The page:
New Porsche Macan vs Jaguar F-Pace
A revamp for Porsche’s Macan sports SUV means it’s all set for a fresh shootout with the Jaguar F-Pace. Which is the better buy?...
Porsche Macan 2.0T
- List price - £46,344
- Target Price - £46,344
The SUV handling benchmark has been revamped inside and under the skin.
Jaguar F-Pace 2.0T 300 R-Sport
- List price - £48,530
- Target Price - £45,938
Similar in price to the Macan, but you get more space, power and kit for your money.
If the Porsche Macan is to be remembered for one thing, it should be that it was the first SUV to show the world that such cars can really handle – and not just handle but be genuinely fun to drive. In the five years since it was launched, we’ve seen SUVs that are faster, more expensive and more technologically advanced, but none has quite matched the Macan for driver appeal.
So, it’s probably a good thing that when it came time to give the Macan a mid-life update, Porsche didn’t try to reinvent the wheel. There’s a new full-width LED light bar at the rear, a new infotainment system, revised suspension and a tweaked 2.0-litre four-cylinder petrol engine, but that’s about it.
None of this comes cheap, though; the entry-level Macan tested here starts at more than £45,000. That price puts it close to the range-topping 2.0-litre turbo Jaguar F-Pace, which is larger, more powerful and better equipped. So, which is the better buy?
Performance, ride, handling, refinement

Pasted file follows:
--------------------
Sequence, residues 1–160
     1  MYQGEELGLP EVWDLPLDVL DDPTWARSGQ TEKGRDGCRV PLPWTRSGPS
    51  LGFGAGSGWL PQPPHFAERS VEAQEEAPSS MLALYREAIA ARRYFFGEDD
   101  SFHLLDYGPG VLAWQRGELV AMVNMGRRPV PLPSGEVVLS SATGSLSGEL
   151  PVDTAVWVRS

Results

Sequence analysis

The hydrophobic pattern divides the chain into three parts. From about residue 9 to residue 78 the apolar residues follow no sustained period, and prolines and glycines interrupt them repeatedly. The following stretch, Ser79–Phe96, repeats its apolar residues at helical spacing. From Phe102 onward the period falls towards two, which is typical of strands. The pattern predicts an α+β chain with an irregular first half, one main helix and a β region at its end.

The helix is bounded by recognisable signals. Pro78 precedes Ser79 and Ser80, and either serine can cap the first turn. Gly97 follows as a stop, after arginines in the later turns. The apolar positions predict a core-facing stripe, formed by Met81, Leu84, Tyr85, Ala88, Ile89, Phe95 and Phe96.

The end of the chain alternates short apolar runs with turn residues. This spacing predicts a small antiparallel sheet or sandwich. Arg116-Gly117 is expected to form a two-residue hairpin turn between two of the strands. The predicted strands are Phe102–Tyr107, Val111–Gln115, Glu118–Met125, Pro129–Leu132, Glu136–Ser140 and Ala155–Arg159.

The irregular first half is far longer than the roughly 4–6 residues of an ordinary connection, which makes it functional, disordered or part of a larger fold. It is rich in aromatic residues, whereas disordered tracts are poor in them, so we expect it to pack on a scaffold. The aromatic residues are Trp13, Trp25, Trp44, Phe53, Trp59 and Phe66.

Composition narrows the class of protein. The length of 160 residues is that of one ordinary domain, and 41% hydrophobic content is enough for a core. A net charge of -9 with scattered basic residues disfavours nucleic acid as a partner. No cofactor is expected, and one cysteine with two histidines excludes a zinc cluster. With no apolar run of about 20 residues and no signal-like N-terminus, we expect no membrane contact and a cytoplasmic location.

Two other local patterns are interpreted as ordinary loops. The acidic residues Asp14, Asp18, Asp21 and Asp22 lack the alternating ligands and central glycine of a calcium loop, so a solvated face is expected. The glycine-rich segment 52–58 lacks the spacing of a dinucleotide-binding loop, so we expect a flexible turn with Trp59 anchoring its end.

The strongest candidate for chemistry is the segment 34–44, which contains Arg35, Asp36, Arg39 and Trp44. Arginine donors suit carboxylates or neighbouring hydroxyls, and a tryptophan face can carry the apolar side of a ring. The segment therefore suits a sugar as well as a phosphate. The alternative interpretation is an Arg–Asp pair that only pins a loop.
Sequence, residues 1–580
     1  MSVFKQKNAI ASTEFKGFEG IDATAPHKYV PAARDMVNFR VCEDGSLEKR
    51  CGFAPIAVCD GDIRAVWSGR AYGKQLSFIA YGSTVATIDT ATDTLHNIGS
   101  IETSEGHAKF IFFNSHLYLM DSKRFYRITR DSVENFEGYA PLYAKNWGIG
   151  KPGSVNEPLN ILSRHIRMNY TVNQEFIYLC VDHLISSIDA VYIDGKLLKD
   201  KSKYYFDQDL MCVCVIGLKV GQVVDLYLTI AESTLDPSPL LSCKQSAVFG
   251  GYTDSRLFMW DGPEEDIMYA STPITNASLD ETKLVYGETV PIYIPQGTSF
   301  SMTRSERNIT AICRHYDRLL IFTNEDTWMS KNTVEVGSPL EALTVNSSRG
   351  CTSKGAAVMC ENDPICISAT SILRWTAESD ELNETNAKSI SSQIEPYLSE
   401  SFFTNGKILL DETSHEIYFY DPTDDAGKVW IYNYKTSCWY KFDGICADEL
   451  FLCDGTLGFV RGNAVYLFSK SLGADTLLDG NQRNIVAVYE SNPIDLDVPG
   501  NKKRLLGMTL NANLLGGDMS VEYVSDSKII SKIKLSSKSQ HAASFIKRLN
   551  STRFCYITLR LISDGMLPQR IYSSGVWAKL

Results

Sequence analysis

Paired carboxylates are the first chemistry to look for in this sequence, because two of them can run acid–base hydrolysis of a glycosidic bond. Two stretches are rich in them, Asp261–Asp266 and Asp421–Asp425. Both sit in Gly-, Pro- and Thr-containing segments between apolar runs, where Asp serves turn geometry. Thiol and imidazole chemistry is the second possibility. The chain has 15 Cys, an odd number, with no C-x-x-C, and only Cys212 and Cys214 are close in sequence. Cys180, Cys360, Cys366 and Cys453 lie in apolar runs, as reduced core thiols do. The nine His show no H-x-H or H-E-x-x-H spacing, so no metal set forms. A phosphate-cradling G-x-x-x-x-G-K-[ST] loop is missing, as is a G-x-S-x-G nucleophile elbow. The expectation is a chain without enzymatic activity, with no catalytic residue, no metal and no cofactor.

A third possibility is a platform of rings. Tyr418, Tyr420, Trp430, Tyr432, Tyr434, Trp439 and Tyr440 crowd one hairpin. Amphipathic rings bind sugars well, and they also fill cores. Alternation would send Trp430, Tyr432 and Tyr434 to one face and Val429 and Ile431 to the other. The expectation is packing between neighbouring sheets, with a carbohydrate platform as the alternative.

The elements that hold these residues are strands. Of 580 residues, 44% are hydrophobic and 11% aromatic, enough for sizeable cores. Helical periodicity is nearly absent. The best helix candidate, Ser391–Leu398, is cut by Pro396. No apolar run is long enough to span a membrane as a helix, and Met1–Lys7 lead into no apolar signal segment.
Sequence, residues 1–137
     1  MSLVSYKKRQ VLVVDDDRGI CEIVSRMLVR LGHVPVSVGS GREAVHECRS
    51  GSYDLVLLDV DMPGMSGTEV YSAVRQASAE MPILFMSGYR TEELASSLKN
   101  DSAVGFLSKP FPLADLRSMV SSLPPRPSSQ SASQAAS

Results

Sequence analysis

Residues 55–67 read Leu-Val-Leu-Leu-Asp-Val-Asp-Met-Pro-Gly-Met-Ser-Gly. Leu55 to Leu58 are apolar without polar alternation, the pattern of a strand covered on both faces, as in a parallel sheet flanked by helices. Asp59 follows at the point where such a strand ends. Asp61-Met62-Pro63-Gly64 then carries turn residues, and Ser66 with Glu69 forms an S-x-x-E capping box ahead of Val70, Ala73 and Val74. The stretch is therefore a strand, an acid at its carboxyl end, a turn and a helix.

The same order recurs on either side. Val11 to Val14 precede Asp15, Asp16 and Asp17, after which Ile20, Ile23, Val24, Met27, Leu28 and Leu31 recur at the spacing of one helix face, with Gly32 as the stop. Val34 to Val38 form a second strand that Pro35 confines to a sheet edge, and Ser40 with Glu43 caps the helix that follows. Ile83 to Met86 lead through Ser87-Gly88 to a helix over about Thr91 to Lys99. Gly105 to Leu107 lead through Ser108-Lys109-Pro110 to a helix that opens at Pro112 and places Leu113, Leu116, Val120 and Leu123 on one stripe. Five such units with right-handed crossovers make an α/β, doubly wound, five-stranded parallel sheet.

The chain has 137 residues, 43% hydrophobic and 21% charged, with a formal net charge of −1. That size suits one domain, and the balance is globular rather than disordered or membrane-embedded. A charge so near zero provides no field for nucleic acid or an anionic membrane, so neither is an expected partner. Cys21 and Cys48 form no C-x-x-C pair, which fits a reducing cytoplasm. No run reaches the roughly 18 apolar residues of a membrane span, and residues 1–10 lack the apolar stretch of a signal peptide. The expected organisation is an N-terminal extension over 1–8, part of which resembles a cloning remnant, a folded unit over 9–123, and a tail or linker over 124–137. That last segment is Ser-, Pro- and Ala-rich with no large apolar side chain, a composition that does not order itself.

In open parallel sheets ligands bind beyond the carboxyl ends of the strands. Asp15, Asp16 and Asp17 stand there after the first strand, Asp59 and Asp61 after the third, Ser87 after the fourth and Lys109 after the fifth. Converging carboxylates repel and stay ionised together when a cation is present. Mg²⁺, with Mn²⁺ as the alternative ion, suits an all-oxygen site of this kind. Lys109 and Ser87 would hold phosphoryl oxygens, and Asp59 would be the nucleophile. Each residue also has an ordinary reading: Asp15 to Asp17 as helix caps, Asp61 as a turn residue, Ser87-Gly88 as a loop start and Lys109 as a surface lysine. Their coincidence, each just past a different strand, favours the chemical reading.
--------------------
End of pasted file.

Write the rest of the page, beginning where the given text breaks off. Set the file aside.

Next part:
While both cars are four-wheel drive, the F-Pace should in theory be significantly quicker than the Macan. It not only packs 296bhp to the Macan’s 241bhp but also weighs less.
In our tests, however, both covered the 0-60mph sprint in 6.4sec, largely due to the fact that the Macan’s seven-speed dual-clutch automatic gearbox is in a different league from the F-Pace’s conventional eight-speed auto. Not only does it allow you to engage launch control for optimum getaways, but it also rifles through the gears without any interruption in acceleration. Meanwhile, the F-Pace slurs through the gears like Johnny Depp giving an acceptance speech.
Left in a high gear, both engines pull strongly from around 1500rpm, allowing for relatively effortless give-and-take motoring. In most situations, you’d be hard pressed to separate the two – until you get to a corner, at least.
Up to a brisk pace, the F-Pace actually feels highly accomplished. Its steering weights up in an ideal way as you turn the wheel, helping you to judge exactly how much grip the front tyres have, and body lean is well contained. But the Macan has the upper hand when you push harder, with a keener front end and better body control.
The F-Pace is notably quicker to run wide of your intended line and its intrusive stability control system errs towards quashing any attempts at having fun, whereas the Macan just wants you to go quicker and explore its limits.
But no one drives around with their hair on fire all the time, of course, so it’s even more impressive that the Macan can play the comfort card just as convincingly. Indeed, with optional air suspension (£1860) fitted, the Macan not only rides more comfortably than the F-Pace but also isolates you better from engine, wind and road noise.
While the F-Pace has a firm ride even on standard 19in wheels, the 22in wheels (£1625) fitted to our test car only make matters worse; the ride is unsettled both around town and on the motorway.
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